Why KSM's Confession Rings False
TIME | March 16, 2007
It's hard to tell what the Pentagon's objective really is in releasing the transcript of Khalid Sheikh Mohammed's confession. It certainly suggests the Administration is trying to blame KSM for al-Qaeda terrorism, leading us to believe we've caught the master terrorist and that al-Qaeda, and especially the ever-elusive bin Laden, is no longer a threat to the U.S.
But there is a major flaw in that marketing strategy. On the face of it, KSM, as he is known inside the government, comes across as boasting, at times mentally unstable. It's also clear he is making things up. I'm told by people involved in the investigation that KSM was present during Wall Street Journal correspondent Danny Pearl's execution but was in fact not the person who killed him. There exists videotape footage of the execution that minimizes KSM's role. And if KSM did indeed exaggerate his role in the Pearl murder, it raises the question of just what else he has exaggerated, or outright fabricated.
Just as importantly, there is an absence of collateral evidence that would support KSM's story. KSM claims he was "responsible for the 9/11 operation from A-Z." Yet he has omitted details that would support his role. For instance, one of the more intriguing mysteries is who recruited and vetted the fifteen Saudi hijackers, the so-called "muscle." The well-founded suspicion is that Qaeda was running a cell inside the Kingdom that spotted these young men and forwarded them to al-Qaeda. KSM and al-Qaeda often appear bumbling, but they would never have accepted recruits they couldn't count on. KSM does not offer us an answer as to how this worked.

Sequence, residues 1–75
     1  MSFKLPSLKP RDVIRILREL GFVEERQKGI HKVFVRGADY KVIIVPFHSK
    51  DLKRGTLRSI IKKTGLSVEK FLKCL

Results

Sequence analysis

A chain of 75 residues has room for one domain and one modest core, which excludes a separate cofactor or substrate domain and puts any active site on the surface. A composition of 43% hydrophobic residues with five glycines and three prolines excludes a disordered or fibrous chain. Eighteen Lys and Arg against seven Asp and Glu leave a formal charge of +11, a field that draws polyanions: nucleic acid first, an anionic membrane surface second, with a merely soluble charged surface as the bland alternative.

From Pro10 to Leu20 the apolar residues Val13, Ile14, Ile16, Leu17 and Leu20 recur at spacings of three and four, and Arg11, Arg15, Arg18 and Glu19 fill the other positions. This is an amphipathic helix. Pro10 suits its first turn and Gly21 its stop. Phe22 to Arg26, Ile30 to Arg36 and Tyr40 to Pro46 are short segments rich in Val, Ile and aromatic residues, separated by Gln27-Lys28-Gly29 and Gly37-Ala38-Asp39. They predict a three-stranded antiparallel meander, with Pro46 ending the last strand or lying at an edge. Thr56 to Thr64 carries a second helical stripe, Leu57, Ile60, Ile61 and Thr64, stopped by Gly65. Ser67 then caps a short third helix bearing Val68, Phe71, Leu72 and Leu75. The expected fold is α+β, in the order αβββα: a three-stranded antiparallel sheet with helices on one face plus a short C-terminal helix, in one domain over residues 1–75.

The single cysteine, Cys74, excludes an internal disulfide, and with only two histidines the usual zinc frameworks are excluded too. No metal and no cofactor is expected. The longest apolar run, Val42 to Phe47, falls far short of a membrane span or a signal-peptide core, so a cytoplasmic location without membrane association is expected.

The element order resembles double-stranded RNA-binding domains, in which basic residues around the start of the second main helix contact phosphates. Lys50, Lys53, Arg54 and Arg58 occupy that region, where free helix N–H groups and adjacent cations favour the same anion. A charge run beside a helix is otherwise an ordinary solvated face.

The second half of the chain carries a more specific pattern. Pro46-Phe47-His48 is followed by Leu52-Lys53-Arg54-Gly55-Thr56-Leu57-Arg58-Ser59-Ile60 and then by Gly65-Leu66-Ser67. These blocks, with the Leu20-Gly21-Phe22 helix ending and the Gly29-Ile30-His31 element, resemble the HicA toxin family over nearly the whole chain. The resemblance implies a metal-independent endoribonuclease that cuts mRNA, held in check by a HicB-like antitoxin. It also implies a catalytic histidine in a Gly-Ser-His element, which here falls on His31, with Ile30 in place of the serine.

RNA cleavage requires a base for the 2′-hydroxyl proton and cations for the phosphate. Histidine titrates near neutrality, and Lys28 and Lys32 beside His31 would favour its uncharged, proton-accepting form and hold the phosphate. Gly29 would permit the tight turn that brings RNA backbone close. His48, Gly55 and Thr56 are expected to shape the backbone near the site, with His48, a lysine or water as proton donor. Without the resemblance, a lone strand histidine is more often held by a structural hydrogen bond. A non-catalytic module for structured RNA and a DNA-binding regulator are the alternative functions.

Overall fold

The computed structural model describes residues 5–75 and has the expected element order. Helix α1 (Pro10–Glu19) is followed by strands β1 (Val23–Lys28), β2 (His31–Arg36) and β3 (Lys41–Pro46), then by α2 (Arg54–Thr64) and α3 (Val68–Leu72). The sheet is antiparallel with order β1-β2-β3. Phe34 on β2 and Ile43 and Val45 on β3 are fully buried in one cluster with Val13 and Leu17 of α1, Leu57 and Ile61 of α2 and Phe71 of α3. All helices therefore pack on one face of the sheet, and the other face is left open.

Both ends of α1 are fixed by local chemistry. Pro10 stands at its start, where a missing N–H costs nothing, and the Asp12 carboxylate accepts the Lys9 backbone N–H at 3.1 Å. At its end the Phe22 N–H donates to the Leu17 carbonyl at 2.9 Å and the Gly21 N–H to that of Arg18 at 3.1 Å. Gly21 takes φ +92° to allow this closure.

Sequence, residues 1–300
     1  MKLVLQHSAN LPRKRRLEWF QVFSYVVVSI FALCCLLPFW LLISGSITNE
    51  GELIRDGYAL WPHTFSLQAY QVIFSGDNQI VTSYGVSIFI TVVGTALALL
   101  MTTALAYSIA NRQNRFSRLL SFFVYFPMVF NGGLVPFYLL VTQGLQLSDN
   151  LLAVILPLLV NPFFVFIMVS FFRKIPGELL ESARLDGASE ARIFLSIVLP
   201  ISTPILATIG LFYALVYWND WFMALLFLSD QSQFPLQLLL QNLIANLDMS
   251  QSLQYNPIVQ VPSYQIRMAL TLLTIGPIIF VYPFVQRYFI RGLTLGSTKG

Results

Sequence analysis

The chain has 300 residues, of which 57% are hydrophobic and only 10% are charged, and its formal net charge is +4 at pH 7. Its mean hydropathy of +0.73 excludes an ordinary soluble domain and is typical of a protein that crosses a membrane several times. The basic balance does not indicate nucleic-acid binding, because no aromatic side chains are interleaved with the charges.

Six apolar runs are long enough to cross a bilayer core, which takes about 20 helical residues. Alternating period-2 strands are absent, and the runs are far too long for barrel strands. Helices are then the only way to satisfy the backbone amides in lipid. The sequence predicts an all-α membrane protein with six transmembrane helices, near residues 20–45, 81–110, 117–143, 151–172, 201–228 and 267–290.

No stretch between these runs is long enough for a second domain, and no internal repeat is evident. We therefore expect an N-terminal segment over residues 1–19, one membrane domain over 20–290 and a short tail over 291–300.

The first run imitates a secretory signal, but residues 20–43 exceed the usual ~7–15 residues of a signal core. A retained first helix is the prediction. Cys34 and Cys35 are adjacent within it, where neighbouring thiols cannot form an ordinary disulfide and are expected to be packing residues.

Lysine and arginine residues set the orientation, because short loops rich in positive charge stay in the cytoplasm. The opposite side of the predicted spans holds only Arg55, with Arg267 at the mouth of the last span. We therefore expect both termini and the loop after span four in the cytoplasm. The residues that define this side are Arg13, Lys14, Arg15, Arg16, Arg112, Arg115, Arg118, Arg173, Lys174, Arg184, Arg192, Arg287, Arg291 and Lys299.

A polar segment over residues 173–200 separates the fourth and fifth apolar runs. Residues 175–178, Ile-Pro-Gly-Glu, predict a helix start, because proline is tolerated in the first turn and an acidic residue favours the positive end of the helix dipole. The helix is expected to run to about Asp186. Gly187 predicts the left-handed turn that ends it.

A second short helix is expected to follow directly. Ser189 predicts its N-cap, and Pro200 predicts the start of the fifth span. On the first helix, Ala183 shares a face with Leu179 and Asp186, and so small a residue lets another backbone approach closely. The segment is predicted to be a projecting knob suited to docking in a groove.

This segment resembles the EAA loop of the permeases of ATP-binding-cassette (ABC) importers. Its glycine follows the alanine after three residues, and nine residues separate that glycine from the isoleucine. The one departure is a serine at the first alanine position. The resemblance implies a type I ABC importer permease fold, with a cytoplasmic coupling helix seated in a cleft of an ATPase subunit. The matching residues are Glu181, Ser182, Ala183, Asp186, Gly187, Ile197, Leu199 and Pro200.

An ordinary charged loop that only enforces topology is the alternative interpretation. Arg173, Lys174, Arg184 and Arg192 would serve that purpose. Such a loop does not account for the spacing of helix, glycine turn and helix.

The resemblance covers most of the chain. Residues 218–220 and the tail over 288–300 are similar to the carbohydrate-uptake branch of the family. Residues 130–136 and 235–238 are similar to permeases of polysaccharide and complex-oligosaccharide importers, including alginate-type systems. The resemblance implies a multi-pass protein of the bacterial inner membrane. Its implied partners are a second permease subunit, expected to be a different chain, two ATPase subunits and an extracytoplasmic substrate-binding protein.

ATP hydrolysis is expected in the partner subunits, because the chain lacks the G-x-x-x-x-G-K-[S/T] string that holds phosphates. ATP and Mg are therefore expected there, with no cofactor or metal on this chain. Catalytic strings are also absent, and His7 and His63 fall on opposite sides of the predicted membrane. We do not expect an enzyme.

KSM has also not offered evidence of state support to al-Qaeda, though there is good evidence there was, even at a low level. KSM himself was harbored by a member of Qatar's royal family after he was indicted in the U.S. for the Bojinka plot — a plan to bomb twelve American airplanes over the Pacific. KSM and al-Qaeda also received aid from supporters in Pakistan, quite possibly from sympathizers in the Pakistani intelligence service. KSM provides no details that would suggest we are getting the full story from him.
Although he claims to have been al-Qaeda's foreign operations chief, he has offered no information about European networks. Today, dozens of investigations are going on in Great Britain surrounding the London tube bombings on July 7, 2005. Yet KSM apparently knew nothing about these networks or has not told his interrogators about them.
The fact is al-Qaeda is too smart to put all of its eggs in one basket. It has not and does not have a field commander, the role KSM has arrogated. It works on the basis of "weak links," mounting terrorist operations by bringing in people on an ad hoc basis, and immediately disbanding the group afterwards.
Until we hear more, the mystery of who KSM is and what he was responsible for is still a mystery.
Robert Baer, a former CIA field officer assigned to the Middle East, is the author of See No Evil and, most recently, the novel Blow the House Down